Currently Viewing
Finding Your Tribe After A Cancer Diagnosis
January 23, 2020 – Bonnie Annis
When Living With Serious Illness, What is Considered Courageous?
January 21, 2020 – Jeremy Pivor
Finding Success In Immunotherapy Trials
January 20, 2020 – Sherry B. Hanson
With a Little Help from My Friends
January 19, 2020 – Steve Rubin
Why I Exercise (And Why You Should Too)
January 18, 2020 – Martha Carlson
Blame It On Chemo
January 17, 2020 – Kathy Latour
A Pineapple A Day May Keep The Doctor Away
January 16, 2020 – Tamera Anderson-Hanna
Appreciating The Gift of Time is the Best New Year Resolution For This Cancer Patient
January 15, 2020 – Kelly Irvin
Taking a Closer Look At Cancer Mortality Rate Headlines
January 14, 2020 – Khevin Barnes

Finding Your Tribe After A Cancer Diagnosis

Breast cancer can feel lonely and isolated, but through community, a person touched by cancer can enjoy camaraderie and support.
PUBLISHED January 23, 2020
Bonnie Annis is a breast cancer survivor, diagnosed in 2014 with stage 2b invasive ductal carcinoma with metastasis to the lymph nodes. She is an avid photographer, freelance writer/blogger, wife, mother and grandmother.
“Find your tribe,” I heard her say, “the people who understand you, the people who can relate to your experiences, the people who can empathize with you.” My caring oncologist wanted the best for me. She understood the importance of community.

Until I became a breast cancer survivor, I never realized I needed a tribe. I had my family and a few close friends who helped me during the initial phases of breast cancer treatment, but after that period ended, and I moved into the recovery stage, it became apparent I needed people who could relate to what I was going through. I just didn’t know where to find them.

A friend shared she’d seen breast cancer support groups on social media. To join, I would need to answer a few questions and submit a request to the administrator of the group. Shortly thereafter, she explained, I’d receive a notification my request had been accepted. Taking her advice, I sought out a few groups for the newly diagnosed. 

Over the next few weeks, I enjoyed reading posts from women in the groups. One group was filled with negativity. I didn’t need that, so I decided to leave the group. The other two groups were informative and supportive but couldn’t provide my need for human interaction. While I appreciated their love and support, I needed a real live person, not a virtual one, so I kept looking for my tribe.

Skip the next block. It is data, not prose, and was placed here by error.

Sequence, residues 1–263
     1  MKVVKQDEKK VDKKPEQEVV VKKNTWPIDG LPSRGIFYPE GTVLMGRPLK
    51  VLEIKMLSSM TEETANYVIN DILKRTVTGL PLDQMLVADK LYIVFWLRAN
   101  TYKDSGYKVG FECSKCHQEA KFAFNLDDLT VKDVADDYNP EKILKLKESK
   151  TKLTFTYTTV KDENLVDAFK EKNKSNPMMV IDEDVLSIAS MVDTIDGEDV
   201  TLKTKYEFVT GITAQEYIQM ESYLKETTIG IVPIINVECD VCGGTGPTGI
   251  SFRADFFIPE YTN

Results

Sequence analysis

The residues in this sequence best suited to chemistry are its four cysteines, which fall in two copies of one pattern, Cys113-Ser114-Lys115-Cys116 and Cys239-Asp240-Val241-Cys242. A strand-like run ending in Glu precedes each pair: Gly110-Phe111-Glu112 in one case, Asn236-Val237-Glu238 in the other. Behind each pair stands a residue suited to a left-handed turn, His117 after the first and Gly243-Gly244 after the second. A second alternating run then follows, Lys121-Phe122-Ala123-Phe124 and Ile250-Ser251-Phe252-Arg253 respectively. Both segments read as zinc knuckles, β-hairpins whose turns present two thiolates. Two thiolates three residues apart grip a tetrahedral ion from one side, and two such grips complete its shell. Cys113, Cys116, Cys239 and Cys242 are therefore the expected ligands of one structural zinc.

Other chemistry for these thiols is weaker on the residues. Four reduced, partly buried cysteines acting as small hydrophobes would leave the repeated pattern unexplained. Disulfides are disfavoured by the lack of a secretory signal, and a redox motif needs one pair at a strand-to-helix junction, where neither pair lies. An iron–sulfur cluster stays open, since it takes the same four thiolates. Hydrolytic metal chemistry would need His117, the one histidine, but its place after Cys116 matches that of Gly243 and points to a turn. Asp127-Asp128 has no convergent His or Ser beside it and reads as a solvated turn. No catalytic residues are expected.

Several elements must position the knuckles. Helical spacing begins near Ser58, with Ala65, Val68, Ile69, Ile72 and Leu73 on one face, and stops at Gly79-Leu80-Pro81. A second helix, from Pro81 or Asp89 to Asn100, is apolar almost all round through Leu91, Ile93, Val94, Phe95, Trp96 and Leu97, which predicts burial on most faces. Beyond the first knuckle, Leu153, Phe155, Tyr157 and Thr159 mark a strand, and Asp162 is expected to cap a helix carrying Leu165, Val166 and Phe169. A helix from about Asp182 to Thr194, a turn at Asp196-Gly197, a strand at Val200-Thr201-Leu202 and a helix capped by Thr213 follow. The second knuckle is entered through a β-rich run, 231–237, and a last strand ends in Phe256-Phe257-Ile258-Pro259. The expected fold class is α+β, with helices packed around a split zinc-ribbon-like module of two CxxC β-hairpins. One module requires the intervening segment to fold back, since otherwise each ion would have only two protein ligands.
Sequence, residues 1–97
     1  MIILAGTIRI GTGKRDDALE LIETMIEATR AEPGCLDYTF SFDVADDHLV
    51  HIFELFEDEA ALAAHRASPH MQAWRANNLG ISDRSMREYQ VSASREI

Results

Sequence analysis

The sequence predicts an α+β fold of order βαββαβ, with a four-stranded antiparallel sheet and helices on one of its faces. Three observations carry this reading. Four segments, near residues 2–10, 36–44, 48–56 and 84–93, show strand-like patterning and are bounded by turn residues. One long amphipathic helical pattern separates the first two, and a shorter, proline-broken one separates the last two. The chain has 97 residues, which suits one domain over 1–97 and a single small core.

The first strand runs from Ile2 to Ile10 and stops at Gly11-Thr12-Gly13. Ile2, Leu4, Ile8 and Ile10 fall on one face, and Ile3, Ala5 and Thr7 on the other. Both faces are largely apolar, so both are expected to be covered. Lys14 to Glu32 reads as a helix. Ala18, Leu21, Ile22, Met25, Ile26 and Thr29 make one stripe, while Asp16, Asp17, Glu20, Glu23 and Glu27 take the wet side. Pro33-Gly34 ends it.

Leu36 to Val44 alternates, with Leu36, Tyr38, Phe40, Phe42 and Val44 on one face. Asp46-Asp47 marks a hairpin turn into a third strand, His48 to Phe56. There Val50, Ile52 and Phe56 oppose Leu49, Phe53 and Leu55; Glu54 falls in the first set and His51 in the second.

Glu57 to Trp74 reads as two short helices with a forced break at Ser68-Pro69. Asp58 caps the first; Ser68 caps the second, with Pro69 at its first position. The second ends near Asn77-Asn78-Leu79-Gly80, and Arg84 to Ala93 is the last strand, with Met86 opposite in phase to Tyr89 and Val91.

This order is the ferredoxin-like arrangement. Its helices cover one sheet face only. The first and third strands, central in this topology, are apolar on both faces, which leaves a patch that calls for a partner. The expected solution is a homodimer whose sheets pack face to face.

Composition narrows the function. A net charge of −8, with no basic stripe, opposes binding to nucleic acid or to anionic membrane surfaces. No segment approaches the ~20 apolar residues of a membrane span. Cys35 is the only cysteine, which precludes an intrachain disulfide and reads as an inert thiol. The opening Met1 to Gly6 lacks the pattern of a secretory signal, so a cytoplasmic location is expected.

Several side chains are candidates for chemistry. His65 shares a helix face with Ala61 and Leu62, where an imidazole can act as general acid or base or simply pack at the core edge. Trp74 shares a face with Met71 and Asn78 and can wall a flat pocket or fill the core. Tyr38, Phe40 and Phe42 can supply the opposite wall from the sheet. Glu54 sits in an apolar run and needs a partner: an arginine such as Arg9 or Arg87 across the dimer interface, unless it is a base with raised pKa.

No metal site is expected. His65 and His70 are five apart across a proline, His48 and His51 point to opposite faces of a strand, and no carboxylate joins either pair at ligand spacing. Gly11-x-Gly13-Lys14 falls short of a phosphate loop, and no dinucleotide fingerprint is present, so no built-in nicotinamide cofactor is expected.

I saw an advertisement for my local cancer treatment center online. The advertisement mentioned upcoming classes for survivors. There would be a variety of groups forming, one focusing on cooking, one for art therapy, one for music therapy, and several different group therapy options. My interest was piqued, and I contacted the cancer center to find out more information. The receptionist was very kind and offered to send me a schedule.

I wanted and needed friends with a similar experience. Perhaps I could find camaraderie amongst other survivors.

As soon as I received the schedule in the mail, I circled items of interest. There were classes during the day and the evening. Since I was free during the day, I decided to try several different groups in hopes of finding one that would meet my needs. I was hesitant to join but knew staying home alone and isolated was not healthy.

Mustering my bravery, I called to reserve a spot in the groups but was told no reservation was necessary. The groups were open, and anyone affected by cancer was free to attend.

I was surprised at the welcome I received. Immediately, it felt good to be among other women who’d lost their breasts to cancer.

After participating in groups for a couple of sessions, I discovered a feeling of genuine community. While there, I didn’t have to be anyone other than myself. I didn’t have to apologize for the way I looked or how I was feeling. I was accepted and loved. The thing that touched me the most was how the women in the support groups understood I was more than my cancer.

Finding the right tribe can be tricky and can take time. It’s important to think about what kind of group is needed. By asking questions, a person can determine the type of tribe that would best fit his or her needs. Family and close friends are valuable parts of a tribe, but sometimes, it can take an entire village of people to help one face a lifelong disease.

Local hospitals and cancer treatment centers are good sources for support groups. A nearby counseling center may also offer breast cancer support therapy sessions. If you can’t find a suitable support group, consider forming one of your own.

Support groups are important— attendees should be prepared to not only accept support but to offer it as well.

It’s been said that no man (or woman) is an island. That means living a solitary life isn’t healthy.

We were made for community. The person with breast cancer can easily fall prey to isolation, especially when poor health dictates so much of one’s life: but someone also said there is strength in numbers and through personal experience, I know this to be true. I have been made stronger by and through the strength of other breast cancer survivors.

"Call it a clan, call it a network, call it a tribe, call it a family: Whatever you call it, whoever you are, you need one."- Margaret Mead
Be the first to discuss this article on CURE's forum. >>
Talk about this article with other patients, caregivers, and advocates in the Breast Cancer CURE discussion group.

Related Articles

1
×

Sign In

Not a member? Sign up now!
×

Sign Up

Are you a member? Please Log In